Inspection forms are used by home inspectors to note any problems with the structure. Inspection forms often have sections for the home's structure, HVAC systems, electrical infrastructure and plumbing.
Inspections are complex, and inspectors need a way to organize the information they collect. Inspection forms may also have rubrics from grading the severity of any problems they see. If problems noted during inspection make a home unsafe for occupancy, inspectors can fail the home. Cities and counties often hire inspectors to check homes that have been renovated.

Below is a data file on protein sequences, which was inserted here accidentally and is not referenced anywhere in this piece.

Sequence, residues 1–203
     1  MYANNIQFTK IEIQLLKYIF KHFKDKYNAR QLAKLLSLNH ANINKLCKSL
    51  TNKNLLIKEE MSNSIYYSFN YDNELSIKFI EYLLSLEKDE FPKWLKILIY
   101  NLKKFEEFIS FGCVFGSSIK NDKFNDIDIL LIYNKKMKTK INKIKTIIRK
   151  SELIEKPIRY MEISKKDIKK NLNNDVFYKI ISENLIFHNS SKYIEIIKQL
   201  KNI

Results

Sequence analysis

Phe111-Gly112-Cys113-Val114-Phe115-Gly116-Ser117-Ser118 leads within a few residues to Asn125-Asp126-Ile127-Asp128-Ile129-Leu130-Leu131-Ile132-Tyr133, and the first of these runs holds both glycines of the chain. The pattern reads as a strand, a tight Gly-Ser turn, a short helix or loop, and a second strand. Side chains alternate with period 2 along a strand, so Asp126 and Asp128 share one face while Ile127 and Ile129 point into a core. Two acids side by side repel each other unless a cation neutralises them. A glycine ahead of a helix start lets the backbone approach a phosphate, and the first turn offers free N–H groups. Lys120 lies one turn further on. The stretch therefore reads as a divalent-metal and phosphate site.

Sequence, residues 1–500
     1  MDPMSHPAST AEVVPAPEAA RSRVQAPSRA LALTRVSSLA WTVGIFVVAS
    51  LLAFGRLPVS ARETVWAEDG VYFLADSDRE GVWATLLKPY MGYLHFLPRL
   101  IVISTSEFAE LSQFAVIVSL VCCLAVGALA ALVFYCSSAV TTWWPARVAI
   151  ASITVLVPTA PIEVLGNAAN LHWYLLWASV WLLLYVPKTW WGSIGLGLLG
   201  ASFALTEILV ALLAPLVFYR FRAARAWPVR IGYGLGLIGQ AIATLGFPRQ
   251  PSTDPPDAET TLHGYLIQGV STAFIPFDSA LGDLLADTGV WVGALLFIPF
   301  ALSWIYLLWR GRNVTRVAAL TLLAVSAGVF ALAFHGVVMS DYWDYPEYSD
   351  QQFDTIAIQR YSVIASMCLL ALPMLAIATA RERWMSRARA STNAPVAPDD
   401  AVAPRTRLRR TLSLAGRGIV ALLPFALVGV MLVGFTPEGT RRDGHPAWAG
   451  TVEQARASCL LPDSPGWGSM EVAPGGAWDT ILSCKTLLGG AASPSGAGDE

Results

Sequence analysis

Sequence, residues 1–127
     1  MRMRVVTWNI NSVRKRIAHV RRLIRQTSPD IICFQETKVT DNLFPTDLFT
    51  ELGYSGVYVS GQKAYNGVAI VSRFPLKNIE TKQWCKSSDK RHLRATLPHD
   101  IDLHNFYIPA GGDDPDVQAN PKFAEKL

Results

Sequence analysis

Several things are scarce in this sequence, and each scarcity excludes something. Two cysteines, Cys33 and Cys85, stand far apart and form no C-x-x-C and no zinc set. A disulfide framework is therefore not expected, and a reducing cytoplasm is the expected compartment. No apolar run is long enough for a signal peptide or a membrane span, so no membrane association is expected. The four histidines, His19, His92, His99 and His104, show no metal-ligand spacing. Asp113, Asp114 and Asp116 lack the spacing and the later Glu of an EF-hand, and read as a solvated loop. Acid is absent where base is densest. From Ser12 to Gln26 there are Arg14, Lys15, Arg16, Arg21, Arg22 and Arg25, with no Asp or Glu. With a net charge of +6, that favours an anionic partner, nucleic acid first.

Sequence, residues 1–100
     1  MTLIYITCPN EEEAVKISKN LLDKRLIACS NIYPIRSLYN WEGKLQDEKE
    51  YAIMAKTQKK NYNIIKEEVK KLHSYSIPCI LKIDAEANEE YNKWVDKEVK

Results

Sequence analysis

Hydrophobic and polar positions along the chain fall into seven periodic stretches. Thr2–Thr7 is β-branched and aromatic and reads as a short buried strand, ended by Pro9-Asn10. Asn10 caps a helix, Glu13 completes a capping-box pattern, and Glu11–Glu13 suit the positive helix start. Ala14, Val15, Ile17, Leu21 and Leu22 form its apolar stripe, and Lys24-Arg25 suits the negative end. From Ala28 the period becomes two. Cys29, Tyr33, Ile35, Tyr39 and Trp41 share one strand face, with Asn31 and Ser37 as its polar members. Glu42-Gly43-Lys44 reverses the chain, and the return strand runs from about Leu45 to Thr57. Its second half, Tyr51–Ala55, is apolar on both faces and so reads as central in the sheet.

Home buyers are often advised to have a potential home inspected before purchasing it. While a home might look well maintained to the inexperienced, home inspectors know how to look for signs of damage. Small cracks in a foundation, for example, may indicate significant safety problems that are expensive to repair. Similarly, seemingly minor damage to a roof may necessitate a complete replacement.
Sellers may want to hire an inspector as well, and even homeowners who plan on living in their homes for the foreseeable future can benefit from an inspection. Fixing problems before putting a home on the market can allow sellers to avoid lengthy negotiations over the cost of fixing problems. Home inspections often unveil problems that only get more expensive to address over time.